Sunway University is collaborating with PEMANDU Associates and Ministry of Science, Technology and Innovation (MOSTI) Malaysia on the Global COVID-19 Index (GCI), a method to consolidate data on the pandemic from verified sources of 184 countries into a comprehensive index which governments, businesses and communities can refer to.
With the GCI, a country can compare its performance with that of another country that is performing better to identify best practices and efforts during the outbreak.
The GCI, updated on a daily basis, includes such data as the recovery rate, active cases and the number of tests conducted.
The GCI also factors in the ability of countries – those previously evaluated – to detect, respond and treat infections of any epidemic based on the publicly available Global Health Security Index published in October 2019.
The GCI can be used to track recoveries in countries of neighbouring regions and monitor when restrictions can be relaxed for a possible easing of border restrictions.
According to Peh Suat Cheng, Professor of Pathology and Dean, School of Healthcare and Medical Sciences at Sunway University, “We are currently deriving data that produce insights that can help governments and societies identify emerging trends from the GCI.”
“For example, we have identified that countries with high-ambient temperatures and low latitudes appear to have low Covid-19 case fatality rates, which can serve to inform policy decisions and epidemiological research,” said Peh.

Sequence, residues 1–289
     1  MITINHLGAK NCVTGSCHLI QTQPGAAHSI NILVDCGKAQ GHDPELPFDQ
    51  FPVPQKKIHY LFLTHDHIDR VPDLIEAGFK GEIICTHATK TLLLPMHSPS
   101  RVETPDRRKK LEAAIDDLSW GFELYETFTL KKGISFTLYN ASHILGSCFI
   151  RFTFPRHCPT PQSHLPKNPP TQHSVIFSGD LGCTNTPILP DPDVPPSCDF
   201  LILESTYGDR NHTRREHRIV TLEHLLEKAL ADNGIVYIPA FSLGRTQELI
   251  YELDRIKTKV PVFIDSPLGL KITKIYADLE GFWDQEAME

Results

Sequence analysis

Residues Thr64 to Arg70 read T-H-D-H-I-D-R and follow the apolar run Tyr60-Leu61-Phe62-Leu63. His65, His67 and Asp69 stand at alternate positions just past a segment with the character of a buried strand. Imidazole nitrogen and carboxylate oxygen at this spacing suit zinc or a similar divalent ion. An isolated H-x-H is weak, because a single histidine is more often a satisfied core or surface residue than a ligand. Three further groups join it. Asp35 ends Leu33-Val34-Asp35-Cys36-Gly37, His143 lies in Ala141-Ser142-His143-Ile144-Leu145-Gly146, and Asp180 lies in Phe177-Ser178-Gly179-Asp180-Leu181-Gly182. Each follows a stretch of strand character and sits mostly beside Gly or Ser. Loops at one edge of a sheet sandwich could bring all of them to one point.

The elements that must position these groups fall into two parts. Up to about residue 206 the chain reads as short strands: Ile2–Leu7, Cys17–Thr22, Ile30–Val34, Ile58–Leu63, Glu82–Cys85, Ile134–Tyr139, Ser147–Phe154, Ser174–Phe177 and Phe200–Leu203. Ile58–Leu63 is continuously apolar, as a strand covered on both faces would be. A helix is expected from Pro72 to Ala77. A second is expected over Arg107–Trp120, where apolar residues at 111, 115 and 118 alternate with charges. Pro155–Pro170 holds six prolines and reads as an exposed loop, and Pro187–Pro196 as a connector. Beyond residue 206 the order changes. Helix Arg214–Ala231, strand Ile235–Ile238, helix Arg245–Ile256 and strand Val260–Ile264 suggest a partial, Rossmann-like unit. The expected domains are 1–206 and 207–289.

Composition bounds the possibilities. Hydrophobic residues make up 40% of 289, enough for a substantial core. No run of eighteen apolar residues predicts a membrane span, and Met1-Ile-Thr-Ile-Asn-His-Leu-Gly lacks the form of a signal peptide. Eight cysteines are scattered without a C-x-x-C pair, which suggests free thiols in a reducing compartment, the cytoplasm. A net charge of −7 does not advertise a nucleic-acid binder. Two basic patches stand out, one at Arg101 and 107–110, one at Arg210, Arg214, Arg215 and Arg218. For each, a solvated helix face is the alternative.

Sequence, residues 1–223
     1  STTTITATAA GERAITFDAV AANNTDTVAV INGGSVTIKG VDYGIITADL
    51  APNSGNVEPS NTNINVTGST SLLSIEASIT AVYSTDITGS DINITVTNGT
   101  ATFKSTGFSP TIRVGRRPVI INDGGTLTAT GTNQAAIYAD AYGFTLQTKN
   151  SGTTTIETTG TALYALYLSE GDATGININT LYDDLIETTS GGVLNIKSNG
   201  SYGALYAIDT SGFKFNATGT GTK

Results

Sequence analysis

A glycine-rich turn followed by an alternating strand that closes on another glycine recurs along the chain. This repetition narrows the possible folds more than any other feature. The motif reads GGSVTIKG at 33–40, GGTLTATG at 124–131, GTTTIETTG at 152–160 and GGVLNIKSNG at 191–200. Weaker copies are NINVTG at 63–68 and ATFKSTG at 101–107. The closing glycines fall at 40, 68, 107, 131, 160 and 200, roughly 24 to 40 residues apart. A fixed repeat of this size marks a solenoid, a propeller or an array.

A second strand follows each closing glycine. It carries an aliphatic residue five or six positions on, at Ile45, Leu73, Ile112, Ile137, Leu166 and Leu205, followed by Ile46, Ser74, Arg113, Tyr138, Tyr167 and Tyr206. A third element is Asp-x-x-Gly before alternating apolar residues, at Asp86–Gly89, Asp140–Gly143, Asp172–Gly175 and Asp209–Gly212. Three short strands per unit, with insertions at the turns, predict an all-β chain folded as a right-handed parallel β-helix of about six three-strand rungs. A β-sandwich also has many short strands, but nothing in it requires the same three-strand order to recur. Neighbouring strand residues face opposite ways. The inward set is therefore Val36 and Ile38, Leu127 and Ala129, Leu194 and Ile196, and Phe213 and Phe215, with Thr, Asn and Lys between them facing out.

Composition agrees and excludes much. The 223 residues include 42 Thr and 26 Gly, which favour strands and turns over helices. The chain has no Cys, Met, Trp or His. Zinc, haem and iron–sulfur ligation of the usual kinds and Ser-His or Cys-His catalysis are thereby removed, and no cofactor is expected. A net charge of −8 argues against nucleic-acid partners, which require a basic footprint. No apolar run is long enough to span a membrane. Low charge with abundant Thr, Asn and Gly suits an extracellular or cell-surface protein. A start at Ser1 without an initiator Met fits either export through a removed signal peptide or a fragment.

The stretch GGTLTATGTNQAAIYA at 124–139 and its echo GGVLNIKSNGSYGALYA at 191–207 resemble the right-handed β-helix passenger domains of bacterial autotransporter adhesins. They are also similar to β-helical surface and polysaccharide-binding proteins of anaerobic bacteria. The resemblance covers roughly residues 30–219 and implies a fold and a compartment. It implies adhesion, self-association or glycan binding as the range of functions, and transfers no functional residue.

Researchers from the School of Healthcare and Medical Sciences will also look into developing their own research papers using data from the GCI and other multivariate statistical analyses, machine learning and mathematical modelling data from researchers at the university’s School of Mathematical Sciences.
The GCI encompasses the Severity and Recovery Indexes.
PEMANDU Associates executive vice president Woody Ang said the Country Severity Index is “a measure of how severely a country is impacted since the outbreak from a healthcare perspective as it factors in the total confirmed cases and proportionate death due to Covid-19 since the outbreak commenced”.
“These contribute 70% of its weightage and behaves more like a ‘scarring parameter’, telling us whether the country is recovering from a lower case or death toll or a higher one,” Ang added.
He also cited it is not a measure of the current ongoing severity.
The Severity Index factors in the overall Healthcare Preparedness as well by utilising a 30% weightage assigned to pre-existing static sub-indicators previously completed by the Global Health Security Index (GHS).
“We are improving and potentially replacing the latter static indicators through our engagements with the World Health Organization,” said Ang.
The Recovery Index measures how well a country is handling the crisis from a health and safety perspective.
Professor Serge Demidenko, Dean of the School of Science and Technology at Sunway University, said his researchers are interested to provide their specialist support in Computer Database Technologies and the application of Artificial Intelligence (AI) for Data Analytics, aiming to not just analyse past data but also forecast and model future trends.
“During this Covid-19 period, AI and Analytics will allow us to use available data to better understand the pandemic’s impact, thus assisting us to propose appropriate solutions.
“Our academics are available to team up with collaborators locally and internationally to explore new recovery solutions for the post- Covid-19 world,” Demidenko added.
The GCI has enabled a best practice analysis in the form of the Global Pathfinder: Global Lessons in Tackling Covid-19, a 118-page detailed report on best practices in health interventions for Covid-19 – a collaboration that PEMANDU Associates undertook with UK-based Delivery Associates.
The Global COVID-19 Index (GCI) is an international collaboration among Sunway University, PEMANDU Associates and Ministry of Science, Technology and Innovation (MOSTI) Malaysia.